The first historically black college and university to have complete responsibility of a NASA satellite discussed initial results from the AIM satellite mission at the American Geophysical Union meeting held in San Francisco, Dec. 10-14.
AIM, the Aeronomy of Ice in the Mesosphere, launched April this year, investigates noctilucent 'night shining' clouds, which are also known as polar mesospheric clouds. The mission is quantifying the life cycle of these clouds that form at high altitudes in Earth's atmosphere, about 50 miles above, where temperatures during local summer average minus 230 degrees Fahrenheit.
Dr. James M. Russell, III, principal investigator and co director of the Hampton University Center for Atmospheric Sciences, said "the AIM mission has changed our view of PMCs [polar mesospheric clouds] after only one season of observations."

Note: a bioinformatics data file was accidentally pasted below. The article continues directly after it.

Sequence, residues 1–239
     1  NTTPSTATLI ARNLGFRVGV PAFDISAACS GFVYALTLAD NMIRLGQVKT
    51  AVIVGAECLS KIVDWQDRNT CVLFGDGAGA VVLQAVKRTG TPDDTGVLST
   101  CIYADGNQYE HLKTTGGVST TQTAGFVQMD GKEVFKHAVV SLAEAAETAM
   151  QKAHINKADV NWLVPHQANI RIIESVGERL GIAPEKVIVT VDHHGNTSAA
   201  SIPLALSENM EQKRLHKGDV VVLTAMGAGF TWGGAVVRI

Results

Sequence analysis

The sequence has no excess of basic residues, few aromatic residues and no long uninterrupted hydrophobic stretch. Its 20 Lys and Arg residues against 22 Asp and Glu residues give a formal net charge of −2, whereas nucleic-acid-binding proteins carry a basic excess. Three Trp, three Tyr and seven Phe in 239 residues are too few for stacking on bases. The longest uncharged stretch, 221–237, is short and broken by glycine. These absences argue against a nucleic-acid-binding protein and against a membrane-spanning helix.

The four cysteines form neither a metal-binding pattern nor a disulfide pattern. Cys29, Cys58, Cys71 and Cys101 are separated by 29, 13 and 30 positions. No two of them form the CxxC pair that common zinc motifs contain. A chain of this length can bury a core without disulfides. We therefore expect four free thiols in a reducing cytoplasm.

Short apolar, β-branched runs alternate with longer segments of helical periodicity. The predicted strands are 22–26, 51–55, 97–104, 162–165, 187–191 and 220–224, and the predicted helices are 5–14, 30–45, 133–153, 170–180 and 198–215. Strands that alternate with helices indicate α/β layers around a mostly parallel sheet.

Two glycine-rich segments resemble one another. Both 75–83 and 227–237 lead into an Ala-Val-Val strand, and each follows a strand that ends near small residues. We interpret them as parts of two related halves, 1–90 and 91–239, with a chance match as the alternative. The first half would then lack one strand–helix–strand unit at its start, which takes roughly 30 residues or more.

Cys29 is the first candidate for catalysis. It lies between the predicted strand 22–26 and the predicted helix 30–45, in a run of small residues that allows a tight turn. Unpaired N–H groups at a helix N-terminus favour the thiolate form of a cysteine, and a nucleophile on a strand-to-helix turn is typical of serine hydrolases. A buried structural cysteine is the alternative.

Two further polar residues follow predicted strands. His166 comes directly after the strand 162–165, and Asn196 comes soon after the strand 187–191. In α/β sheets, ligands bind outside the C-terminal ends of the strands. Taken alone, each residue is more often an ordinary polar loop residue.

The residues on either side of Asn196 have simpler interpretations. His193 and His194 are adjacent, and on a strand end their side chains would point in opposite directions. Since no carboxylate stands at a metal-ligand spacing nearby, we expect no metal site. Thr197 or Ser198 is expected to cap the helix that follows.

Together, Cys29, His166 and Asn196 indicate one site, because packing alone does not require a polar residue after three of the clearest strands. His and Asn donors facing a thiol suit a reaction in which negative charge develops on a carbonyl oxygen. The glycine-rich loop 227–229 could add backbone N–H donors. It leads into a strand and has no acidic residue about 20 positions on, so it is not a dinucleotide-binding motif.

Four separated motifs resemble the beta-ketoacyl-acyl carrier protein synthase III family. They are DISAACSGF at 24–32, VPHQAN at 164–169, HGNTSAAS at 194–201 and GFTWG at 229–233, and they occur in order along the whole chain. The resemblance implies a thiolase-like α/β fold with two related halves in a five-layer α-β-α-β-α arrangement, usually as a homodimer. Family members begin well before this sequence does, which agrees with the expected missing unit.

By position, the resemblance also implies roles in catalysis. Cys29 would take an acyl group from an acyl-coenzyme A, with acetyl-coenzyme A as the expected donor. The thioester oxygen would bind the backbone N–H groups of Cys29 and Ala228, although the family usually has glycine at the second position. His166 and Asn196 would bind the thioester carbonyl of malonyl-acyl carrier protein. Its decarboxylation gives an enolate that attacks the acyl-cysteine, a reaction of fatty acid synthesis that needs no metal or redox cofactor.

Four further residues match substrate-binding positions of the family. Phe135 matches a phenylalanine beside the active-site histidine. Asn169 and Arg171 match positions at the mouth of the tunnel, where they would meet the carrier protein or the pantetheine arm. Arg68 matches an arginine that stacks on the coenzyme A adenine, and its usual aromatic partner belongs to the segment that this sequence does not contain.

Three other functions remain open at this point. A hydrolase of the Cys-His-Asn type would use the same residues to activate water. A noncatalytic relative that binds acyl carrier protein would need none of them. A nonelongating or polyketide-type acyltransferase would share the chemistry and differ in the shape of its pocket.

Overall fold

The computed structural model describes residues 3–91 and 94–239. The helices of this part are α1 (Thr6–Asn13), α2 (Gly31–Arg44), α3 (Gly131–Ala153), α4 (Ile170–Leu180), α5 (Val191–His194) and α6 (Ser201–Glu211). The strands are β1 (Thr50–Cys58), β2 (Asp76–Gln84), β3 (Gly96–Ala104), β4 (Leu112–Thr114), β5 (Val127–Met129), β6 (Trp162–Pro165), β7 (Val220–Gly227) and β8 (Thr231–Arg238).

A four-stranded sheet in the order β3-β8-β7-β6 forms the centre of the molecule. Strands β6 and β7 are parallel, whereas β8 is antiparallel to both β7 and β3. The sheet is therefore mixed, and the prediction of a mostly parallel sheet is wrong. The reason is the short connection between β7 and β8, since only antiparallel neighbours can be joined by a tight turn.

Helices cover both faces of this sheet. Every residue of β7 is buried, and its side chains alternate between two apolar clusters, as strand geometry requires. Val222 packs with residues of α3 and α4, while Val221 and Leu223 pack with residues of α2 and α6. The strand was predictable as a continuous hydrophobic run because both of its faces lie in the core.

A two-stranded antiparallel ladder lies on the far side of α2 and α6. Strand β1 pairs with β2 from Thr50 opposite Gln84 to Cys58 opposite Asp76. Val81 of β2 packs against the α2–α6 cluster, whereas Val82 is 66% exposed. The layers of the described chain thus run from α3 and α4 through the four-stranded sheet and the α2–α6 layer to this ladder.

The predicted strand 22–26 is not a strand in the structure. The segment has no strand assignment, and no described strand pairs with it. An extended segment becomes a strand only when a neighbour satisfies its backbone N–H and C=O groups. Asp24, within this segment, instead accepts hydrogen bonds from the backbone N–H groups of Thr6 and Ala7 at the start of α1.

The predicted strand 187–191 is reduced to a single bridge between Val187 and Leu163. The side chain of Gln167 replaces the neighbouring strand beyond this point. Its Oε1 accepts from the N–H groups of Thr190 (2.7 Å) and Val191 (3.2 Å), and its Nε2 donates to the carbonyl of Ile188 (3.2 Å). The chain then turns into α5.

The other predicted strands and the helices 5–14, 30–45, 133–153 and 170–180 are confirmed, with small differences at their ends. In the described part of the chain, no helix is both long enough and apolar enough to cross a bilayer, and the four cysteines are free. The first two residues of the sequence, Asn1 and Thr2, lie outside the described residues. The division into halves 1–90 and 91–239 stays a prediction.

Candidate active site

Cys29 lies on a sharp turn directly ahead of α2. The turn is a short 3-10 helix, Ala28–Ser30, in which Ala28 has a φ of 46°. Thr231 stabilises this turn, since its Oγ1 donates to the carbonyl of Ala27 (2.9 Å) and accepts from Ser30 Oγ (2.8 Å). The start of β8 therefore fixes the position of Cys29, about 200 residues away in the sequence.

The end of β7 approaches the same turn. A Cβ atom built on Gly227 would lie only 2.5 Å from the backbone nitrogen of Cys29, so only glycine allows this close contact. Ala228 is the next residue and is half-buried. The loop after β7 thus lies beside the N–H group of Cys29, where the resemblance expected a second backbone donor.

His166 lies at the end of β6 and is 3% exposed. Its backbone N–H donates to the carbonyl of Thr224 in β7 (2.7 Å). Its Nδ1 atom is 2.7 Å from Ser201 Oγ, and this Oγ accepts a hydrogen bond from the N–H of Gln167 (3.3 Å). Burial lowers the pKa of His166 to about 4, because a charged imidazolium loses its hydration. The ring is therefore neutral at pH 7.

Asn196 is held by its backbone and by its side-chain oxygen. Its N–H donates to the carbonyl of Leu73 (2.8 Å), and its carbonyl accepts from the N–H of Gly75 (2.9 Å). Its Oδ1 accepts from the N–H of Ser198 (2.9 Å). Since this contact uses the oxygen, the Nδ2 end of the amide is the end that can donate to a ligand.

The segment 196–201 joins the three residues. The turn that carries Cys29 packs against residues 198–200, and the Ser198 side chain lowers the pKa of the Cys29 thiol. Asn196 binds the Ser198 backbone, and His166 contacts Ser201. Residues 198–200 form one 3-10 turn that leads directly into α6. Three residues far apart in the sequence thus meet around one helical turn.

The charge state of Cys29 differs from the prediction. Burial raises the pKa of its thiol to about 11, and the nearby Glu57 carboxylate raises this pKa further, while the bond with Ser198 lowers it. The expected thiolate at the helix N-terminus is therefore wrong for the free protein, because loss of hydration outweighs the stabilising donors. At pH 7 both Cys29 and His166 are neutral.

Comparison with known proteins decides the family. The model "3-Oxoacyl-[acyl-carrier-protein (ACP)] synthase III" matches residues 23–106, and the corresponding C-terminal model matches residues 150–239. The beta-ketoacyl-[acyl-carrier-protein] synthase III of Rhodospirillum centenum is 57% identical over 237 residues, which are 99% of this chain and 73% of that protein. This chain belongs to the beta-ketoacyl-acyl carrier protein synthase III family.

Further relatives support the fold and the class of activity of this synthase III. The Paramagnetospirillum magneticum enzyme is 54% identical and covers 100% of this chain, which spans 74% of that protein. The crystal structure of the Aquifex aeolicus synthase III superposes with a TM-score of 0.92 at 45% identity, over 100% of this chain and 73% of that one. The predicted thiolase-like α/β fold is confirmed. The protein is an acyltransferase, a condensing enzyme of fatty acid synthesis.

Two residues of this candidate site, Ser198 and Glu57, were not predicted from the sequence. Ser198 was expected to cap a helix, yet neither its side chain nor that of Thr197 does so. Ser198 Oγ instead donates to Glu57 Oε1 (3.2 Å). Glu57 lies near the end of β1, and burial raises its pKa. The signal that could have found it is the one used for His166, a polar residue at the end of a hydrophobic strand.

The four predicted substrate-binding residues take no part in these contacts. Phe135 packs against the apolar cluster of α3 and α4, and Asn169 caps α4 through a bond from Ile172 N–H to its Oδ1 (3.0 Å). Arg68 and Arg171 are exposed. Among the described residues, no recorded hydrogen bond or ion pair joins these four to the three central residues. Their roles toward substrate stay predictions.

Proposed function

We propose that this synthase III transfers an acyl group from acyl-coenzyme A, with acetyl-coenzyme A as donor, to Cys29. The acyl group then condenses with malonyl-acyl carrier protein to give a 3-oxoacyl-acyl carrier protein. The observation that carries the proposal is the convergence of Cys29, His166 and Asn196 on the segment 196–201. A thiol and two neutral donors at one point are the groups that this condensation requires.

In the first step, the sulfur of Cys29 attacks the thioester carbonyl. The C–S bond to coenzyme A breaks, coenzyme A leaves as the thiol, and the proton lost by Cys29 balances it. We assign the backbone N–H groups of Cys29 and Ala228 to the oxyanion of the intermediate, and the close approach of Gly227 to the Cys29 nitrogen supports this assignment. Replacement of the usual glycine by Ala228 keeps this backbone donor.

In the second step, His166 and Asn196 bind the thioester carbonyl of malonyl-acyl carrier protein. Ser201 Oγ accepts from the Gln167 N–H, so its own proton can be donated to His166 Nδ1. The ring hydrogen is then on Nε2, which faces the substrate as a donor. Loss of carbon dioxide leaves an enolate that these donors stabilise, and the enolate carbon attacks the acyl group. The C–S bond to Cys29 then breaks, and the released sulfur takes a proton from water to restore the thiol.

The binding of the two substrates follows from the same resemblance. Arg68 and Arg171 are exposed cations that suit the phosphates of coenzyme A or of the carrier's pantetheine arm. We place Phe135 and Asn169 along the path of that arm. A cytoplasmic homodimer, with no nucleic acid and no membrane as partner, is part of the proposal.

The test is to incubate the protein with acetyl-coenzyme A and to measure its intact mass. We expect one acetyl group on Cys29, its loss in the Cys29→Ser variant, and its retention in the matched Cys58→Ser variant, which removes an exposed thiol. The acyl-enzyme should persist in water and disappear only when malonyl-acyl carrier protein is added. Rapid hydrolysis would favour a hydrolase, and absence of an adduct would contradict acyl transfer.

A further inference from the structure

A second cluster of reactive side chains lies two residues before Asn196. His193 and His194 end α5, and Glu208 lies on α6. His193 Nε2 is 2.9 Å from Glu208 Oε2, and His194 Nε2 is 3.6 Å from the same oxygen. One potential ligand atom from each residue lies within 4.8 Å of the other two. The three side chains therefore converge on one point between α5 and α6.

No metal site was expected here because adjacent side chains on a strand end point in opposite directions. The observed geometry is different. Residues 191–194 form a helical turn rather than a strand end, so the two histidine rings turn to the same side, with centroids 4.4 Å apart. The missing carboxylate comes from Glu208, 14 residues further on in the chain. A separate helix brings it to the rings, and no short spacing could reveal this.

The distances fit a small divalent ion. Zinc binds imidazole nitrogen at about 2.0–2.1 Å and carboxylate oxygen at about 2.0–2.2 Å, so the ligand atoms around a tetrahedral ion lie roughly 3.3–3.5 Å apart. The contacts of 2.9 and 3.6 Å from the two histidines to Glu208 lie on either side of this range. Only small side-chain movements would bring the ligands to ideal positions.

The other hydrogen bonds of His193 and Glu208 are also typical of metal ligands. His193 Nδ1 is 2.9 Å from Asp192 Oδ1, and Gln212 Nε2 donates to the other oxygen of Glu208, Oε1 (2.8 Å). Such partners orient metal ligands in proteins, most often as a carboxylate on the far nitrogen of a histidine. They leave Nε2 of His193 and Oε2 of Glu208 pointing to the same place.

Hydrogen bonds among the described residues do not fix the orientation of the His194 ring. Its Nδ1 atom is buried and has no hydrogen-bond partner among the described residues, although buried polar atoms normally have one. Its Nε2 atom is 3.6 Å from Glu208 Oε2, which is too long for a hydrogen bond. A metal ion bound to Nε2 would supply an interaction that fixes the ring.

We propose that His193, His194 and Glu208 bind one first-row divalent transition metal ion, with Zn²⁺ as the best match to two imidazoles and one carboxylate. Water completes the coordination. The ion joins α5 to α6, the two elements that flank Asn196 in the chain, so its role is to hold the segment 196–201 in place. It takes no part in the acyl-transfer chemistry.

Russell shared results from satellite observations of the clouds during the 2007 Northern Hemisphere PMC season. The satellite detected the clouds from May 25 through Aug. 25. Russell found that the clouds appeared more frequently, were extremely variable, changed on a daily and hourly basis, and were observed at lower latitudes than previously measured.
"The AIM measurements are providing the most detailed understanding ever of these 'night-shining clouds'," Russell said. "The measurements show the brightest clouds ever observed, with more variability and structure than expected, signifying a greater sensitivity to the environment in which the clouds form. They also show that the clouds exist in a much broader altitude layer than was believed to be the case before AIM was launched," he said.
The AIM mission is now poised to make these measurements in the southern Hemisphere where temperatures are now cold enough for their formation.